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  • ordinarylivesordinarylives 3204 replies43 threads Senior Member
    They're definitely good life-learning experiences, but they're tough pills to swallow in the moment. My oldest had a group assessment experience in a microbiology class and was paired with, probably, two of the weakest students in the class (neither went on to finish the program). It was tough going when they argued for wrong answers and it was two against one. Only one test was given in this format. If more had been given, I'd assume partners would have changed.

    No, it doesn't seem odd to me. Schools (both hs and college) are under tremendous pressure to produce graduates who are career ready, and real teamwork is a career-readiness skill.
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  • allyphoeallyphoe 2516 replies61 threads Senior Member
    In college, we had a team quiz (same team for the whole term) at the start of every class meeting. Most of the time, we reached consensus relatively easily - either everyone agreed, or everyone who had any idea what the right answer was agreed. Once, we were evenly split between two answers, with everyone adamant that their answer was definitely the right one. I finally said that I'd pay everyone in the group a dollar if we went with my answer and it was wrong. The people supporting my answer immediately agreed that they would also pay everyone a dollar if we were wrong. The rest of the group decided they were not so sure after all.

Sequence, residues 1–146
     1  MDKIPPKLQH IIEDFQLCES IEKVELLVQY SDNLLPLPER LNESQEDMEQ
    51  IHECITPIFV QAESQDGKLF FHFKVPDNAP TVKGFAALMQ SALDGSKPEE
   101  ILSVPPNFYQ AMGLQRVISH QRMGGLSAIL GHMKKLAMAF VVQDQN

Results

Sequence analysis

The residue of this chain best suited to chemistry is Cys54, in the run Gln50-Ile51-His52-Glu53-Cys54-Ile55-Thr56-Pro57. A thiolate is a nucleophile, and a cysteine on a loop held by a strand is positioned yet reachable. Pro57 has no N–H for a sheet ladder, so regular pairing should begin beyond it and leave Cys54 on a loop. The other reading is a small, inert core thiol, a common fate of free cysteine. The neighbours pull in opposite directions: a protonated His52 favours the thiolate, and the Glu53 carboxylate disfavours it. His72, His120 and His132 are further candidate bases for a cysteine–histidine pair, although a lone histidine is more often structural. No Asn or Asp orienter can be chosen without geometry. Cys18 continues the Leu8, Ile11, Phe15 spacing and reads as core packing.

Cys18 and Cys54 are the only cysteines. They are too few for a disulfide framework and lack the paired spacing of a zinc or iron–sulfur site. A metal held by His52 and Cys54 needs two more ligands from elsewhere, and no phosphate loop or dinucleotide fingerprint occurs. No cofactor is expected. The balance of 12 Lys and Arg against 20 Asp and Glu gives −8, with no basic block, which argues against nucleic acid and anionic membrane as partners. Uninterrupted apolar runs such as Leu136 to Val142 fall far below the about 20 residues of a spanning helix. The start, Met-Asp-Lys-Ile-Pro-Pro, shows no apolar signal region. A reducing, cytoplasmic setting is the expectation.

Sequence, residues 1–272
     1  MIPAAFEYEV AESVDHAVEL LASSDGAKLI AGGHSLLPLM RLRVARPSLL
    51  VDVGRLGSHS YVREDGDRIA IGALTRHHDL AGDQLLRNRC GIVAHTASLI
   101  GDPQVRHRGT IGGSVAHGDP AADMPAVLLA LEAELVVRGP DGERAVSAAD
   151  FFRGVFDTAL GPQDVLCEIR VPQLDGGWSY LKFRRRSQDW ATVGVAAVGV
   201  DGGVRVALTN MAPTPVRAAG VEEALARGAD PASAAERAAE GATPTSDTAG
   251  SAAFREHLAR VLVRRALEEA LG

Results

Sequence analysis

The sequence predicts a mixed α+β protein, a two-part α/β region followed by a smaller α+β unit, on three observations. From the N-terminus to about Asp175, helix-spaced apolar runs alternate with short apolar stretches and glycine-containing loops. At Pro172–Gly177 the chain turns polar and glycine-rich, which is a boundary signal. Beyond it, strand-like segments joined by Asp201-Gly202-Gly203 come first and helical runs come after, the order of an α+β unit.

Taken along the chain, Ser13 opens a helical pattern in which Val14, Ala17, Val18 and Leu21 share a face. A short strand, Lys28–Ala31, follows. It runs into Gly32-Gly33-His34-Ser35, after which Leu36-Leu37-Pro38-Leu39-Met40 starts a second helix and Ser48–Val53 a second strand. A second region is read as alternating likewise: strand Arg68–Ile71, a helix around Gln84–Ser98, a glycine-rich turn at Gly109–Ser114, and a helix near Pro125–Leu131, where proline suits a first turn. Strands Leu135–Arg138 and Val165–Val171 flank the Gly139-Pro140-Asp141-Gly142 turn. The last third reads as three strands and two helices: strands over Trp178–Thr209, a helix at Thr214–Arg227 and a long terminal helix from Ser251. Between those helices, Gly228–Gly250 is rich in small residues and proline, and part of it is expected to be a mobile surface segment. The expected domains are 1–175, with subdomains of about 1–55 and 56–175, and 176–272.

Sometimes it helps to make disparities in certainty clear.
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  • RichInPittRichInPitt 1619 replies25 threads Senior Member
    There have been plenty of times, including in college, where D has been paired with someone who doesn't pull their weight academically.

    My D has a shirt that says “If I die, I want my lab partners to be my pall bearers, so they can let me down one last time”. She doesn’t wear it much at school because it’s true.

    It does seem like an odd thing to have in high school, though my younger D has lab partners with which she needs to do Chem lab reports.
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  • happy1happy1 23225 replies2298 threads Senior Member
    edited January 15
    A few comments:

    -- It is unlikely that one test grade will change the course of a student's college acceptances.

    --It is fine that your S explained the situation to the teacher -- I expect the teacher already has a sense of who the stronger students in the class are already.

    -- My children had a number of group assessments in HS and college -- typically they were projects, labs, or papers rather than exams but the same problems were there. My kids always hated group projects/papers. but only one time did things get so out of hand that my D spoke to her professor about the problems with the group project.
    edited January 15
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  • FlaParentFlaParent 112 replies21 threads Junior Member